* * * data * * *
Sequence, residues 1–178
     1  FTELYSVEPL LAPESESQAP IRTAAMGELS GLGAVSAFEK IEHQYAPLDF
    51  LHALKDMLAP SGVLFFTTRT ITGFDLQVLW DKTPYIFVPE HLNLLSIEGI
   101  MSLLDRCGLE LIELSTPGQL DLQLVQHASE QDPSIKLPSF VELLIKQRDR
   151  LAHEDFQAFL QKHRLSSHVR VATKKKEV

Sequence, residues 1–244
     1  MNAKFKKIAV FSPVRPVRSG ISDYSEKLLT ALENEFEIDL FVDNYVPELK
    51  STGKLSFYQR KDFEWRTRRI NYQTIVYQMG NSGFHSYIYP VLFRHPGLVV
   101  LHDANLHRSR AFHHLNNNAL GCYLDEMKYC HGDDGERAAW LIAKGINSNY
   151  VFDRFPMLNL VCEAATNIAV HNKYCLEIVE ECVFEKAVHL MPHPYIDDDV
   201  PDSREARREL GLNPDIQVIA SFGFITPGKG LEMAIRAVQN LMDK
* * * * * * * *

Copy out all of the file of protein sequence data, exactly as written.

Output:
Sequence, residues 1–178
     1  FTELYSVEPL LAPESESQAP IRTAAMGELS GLGAVSAFEK IEHQYAPLDF
    51  LHALKDMLAP SGVLFFTTRT ITGFDLQVLW DKTPYIFVPE HLNLLSIEGI
   101  MSLLDRCGLE LIELSTPGQL DLQLVQHASE QDPSIKLPSF VELLIKQRDR
   151  LAHEDFQAFL QKHRLSSHVR VATKKKEV

Sequence, residues 1–244
     1  MNAKFKKIAV FSPVRPVRSG ISDYSEKLLT ALENEFEIDL FVDNYVPELK
    51  STGKLSFYQR KDFEWRTRRI NYQTIVYQMG NSGFHSYIYP VLFRHPGLVV
   101  LHDANLHRSR AFHHLNNNAL GCYLDEMKYC HGDDGERAAW LIAKGINSNY
   151  VFDRFPMLNL VCEAATNIAV HNKYCLEIVE ECVFEKAVHL MPHPYIDDDV
   201  PDSREARREL GLNPDIQVIA SFGFITPGKG LEMAIRAVQN LMDK